by Elmore Leonard
259 pages, Weidenfeld & Nicolson
Review by Paul Fenton
“If you want we can go over to First Bank, I’ll tell them I have an account, so you won’t have any trouble depositing the check.”
“What I think I’ll do,” Foley said, “is deposit half of it and take the rest in cash. I don’t walk out of a bank with at least five grand, I feel like a failure.”
I don’t have a clever or apt observation to lead into, I just really like that dialogue, and one thing you can always count on Elmore Leonard for is excellent dialogue. Of course, I’m a dedicated Elmore Leonard fan and would read just about anything he put out, except for his 10 Rules for Writing. Don’t ask me why – after all, I swallowed Stephen King’s ‘On Writing’ in one gulp – but I think it might be due to Leonard’s style. He is the king of cool dialogue and the creator of characters you so want to be like, even the bad guys, characters who cut their way through storylines so effortlessly you don’t even realise you’re approaching a key scene or a climax until the first cap has been popped. What I love about Leonard, I don’t imagine it’s the kind of thing which can be taught. Worse still would be if it could be taught – after reading an Elmore Leonard novel I have enough trouble as it is trying to shield my own characters from his influence without having an instruction guide at hand.
Elmore Leonard’s novels are defined by their characters, and ‘Road Dogs’ is populated by not one, not two, but three characters plucked from earlier novels. It’s not so much a crossover novel as an intra-novel reunion for the loyal reader, sporting a dream-team cast of characters:
From ‘Out of Sight’, the Sweetheart Bank-Robber – who looks and sounds exactly like George Clooney if you happened to see the movie either before or after reading the book – Jack Foley.
From ‘LaBrava’ (probably my all-time favourite Elmore), the diminutive Latino menace, Cundo Rey. Yes, we all thought he was probably dead after being shot three times in the chest at the end of LaBrava, but no, he just fell into a wee bit of a coma before eventually hooking up with Foley in prison. I admit I had my breath half-held for a good part of the story, waiting to see if Joe LaBrava himself would put in an appearance.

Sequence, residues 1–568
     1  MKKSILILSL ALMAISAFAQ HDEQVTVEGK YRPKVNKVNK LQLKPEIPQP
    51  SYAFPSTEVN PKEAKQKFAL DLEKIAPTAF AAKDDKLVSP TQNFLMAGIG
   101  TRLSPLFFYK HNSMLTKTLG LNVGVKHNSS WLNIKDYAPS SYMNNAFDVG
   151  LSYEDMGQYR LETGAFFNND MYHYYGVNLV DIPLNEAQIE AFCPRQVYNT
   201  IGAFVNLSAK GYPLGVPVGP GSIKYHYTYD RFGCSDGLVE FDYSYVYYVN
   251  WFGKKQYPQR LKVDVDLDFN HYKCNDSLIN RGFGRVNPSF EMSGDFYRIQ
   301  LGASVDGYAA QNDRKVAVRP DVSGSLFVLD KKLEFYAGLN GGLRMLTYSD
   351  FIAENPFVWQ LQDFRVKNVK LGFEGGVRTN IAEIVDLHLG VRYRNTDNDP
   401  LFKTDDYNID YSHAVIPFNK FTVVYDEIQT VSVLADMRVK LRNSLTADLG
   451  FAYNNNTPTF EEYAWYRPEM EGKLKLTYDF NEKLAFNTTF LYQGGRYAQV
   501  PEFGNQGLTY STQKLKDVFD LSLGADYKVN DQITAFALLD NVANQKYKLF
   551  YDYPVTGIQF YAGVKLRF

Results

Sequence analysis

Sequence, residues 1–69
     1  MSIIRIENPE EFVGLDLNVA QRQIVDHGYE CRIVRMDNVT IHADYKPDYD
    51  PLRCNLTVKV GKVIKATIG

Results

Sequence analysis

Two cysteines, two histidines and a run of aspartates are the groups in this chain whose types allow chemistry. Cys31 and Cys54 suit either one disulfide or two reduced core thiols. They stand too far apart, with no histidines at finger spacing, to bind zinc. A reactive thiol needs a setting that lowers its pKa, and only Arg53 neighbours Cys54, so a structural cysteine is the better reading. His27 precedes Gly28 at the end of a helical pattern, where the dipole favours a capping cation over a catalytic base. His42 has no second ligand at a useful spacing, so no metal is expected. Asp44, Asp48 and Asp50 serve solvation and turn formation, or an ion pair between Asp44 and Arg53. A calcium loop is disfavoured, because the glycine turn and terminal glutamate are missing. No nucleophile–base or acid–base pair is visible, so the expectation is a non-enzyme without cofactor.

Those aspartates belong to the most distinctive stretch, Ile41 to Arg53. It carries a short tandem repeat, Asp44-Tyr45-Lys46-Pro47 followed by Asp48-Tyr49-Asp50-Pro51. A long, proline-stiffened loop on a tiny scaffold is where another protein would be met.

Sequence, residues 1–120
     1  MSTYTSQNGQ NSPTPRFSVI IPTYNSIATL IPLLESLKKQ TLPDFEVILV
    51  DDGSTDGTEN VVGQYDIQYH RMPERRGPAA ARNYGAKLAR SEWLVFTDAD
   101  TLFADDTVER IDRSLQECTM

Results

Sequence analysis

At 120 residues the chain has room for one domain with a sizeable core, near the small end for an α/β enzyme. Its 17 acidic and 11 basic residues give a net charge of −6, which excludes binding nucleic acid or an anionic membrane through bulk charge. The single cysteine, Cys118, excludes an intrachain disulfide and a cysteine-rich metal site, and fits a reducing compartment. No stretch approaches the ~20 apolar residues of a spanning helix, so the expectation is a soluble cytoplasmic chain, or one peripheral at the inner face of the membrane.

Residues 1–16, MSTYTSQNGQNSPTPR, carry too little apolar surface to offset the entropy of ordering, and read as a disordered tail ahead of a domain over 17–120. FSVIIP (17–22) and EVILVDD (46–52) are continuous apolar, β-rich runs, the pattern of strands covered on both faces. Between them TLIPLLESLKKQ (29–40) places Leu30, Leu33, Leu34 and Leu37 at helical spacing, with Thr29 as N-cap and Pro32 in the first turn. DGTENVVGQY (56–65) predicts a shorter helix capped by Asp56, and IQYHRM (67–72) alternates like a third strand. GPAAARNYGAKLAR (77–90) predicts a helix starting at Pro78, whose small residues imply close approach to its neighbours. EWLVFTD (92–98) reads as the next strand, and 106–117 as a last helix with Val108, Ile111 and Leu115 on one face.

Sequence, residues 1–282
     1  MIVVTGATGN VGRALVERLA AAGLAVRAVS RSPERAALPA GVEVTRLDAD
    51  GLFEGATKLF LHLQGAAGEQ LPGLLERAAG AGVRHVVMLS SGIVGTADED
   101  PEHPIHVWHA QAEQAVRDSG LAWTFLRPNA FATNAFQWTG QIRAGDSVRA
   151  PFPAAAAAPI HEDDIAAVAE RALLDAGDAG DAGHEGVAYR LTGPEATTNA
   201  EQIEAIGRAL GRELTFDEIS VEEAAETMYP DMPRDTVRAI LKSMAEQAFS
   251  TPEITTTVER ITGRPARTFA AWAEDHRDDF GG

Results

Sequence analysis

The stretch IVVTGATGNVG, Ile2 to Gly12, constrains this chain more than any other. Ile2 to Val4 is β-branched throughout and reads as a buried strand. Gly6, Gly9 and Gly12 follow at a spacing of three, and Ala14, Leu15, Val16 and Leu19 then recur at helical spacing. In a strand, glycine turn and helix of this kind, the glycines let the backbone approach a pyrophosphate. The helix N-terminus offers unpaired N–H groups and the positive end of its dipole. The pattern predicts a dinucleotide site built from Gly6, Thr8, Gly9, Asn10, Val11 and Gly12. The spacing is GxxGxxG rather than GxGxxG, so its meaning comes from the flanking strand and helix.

Between resurrection and serving yard-time with Foley, Cundo managed to woo the opportunistic hottie Dawn Navarro, the sexy psychic from ‘Riding the Rap’, who has been waiting eight years for Cundo to get out of prison in a state of unlikely celibacy.
‘Road Dogs’ is the term used to describe Foley’s and Condo’s relationship in prison – a pair of cons who walked the yard together, looking out for each other and passing the time. Cundo uses this correctional bond as the reason for paying his own expensive (hot female) lawyer about thirty grand to re-try Foley’s case in a proper lawyerly fashion (his court-appointed attorney was useless and the magistrate was the infamous Maximum Bob, which all added up to a thirty-year sentence for Foley). Foley gets out with time already served, and Cundo insists he stay at one of his two Miami mansions until Cundo’s own release a week later. So begins the trademark “I’m going to pull a scam and I’ll let you know what it is just as soon as I figure it out myself” plot development so recognisable in Elmore’s stories. Cundo has a scam. Dawn has a scam. Jack maybe has a scam, or a scam to get out of scamming. Half a dozen other scammers lurk in the background waiting to pounce.
Do I sound like I didn’t enjoy it? I did. I enjoy all Elmore’s novels – at their very least every one of them is a lesson in dialogue. Would I recommend Road Dogs to an Elmore newbie? Maybe, maybe not; but I’m leaning towards the latter.
It’s hard for me to be completely objective about Road Dogs as a stand-alone novel because I’m so familiar with its ancestry – there were even references in there to Maximum Bob, the first Elmore book I ever read. If I had to think like someone new to Elmore, I’d probably complain about a lack of action – it’s a slow-boiler, but that’s often the way Elmore cooks them. As a fan, if I were forced to be critical, I’d say the story was a touch too easy, well inside Elmore’s comfort zone, like he was just enjoying getting caught up with some old friends. Having all those characters in the same story did make it that bit more surreal, like kids having an argument about who would win a fight between Superman and Spiderman and the Incredible Hulk, and then seeing them all suddenly thrown together in the same comic book all embarrassed and shy.
Elmore snaps out of his feel-good trance towards the end, possibly a hundred pages or so too late, but that’s still good enough for Leonard’s peerless cool to carry the story and its characters through.
Good enough for me, anyway.
If you haven’t read Elmore before, go and read LaBrava, Out of Sight, Riding the Rap … perhaps even Pronto and Maximum Bob too. Familiarise yourself. Develop an appreciation, because without it, Road Dogs might not be as much fun as it could be.
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